As generation surpasses generation, human progeny should put down roots, so to speak; not, of course, as actual roots. No, plant roots are energetically expensive, diverting valuable resources from above to below. Rather, I advocate, indeed I predict, a simple anchoring of flesh to rock. We shall extrude byssal strands like our distant cousins amongst the molluscs. Imagine therefore entire villages or cities of human-clams, adhering firmly to bare rock, content to stay in one place, perhaps busily knitting, viewing television, or at play in sundry and sedentary ways.
Now you may object that this solution to our environmental problems, despite its initial attractiveness, is flawed in one crucial respect. Human need for nutriment may not be easily satisfied in this otherwise plausible scenario. One obvious solution is to train the lesser species, which otherwise do nothing particularly useful, to provision us with some necessary morsels. Would it really be difficult for a well-trained bonnet monkey to bake small treats (how difficult can it be to make a pop-tart) and to brew calorific beverages and serve them to their quiescent masters and mistresses? In India this species already pesters us; can we not harness their antrophilia for good? Adding to the charm of this solution, consider this: since monkeys are part of nature, their “environmental impacts”, by definition, do not count as “environmental damage” (like earthquakes, volcanoes and marauding elephants, some seemingly enormous damage does not count at all!).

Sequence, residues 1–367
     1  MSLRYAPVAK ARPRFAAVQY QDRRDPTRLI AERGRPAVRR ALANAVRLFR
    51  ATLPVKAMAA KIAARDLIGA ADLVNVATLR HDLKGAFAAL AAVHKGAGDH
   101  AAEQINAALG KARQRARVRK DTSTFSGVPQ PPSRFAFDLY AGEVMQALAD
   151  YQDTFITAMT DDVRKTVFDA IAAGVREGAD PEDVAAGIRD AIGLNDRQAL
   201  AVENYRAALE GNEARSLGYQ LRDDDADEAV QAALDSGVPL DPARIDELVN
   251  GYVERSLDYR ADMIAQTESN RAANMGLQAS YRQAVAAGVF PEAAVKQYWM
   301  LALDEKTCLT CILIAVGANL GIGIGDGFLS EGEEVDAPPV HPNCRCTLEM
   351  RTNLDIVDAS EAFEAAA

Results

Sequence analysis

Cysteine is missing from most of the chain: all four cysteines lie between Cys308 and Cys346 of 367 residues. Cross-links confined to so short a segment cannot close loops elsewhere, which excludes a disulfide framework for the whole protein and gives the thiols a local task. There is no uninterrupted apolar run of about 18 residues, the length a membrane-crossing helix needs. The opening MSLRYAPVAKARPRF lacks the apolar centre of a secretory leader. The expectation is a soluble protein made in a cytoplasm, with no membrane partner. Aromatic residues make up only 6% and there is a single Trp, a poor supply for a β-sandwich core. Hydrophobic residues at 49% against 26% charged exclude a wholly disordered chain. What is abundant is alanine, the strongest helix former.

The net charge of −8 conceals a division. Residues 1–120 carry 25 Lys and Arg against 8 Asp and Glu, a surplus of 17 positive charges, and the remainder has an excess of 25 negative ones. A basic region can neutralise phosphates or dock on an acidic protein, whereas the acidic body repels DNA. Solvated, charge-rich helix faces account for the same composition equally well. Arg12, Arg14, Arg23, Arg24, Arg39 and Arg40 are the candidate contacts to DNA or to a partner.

Remember finally that in current models of climate change sea levels are predicted to rise. Most of our coastal areas will be flooded. Where formerly this would have been an enormous human tragedy, under our new evolutionary regime it now, of course, seems like the final piece falling into place. Cities of pedunculate humans, heads bobbing freely like the smiling calyxes of large aquatic plants can then dispense with monkeys, and can wait for good and tasty sea-things to waft on by.
From: Brute Neighbors: Urban Nature Poetry, Prose & Photography. Edited by Chris Green and Liam Heneghan, 2011, DePaul University Humanities Center, and DePaul Institute for Nature and Culture, Chicago. It also appeared on 3quarksdaily.com
A limited number of copies of this book are still available for free; please contact me if you are interested in receiving one.
 5.25 Earth equivalents for a typical Midwestern who moves around versus 4.25 Earth equivalents for the immobile. http://myfootprint.org/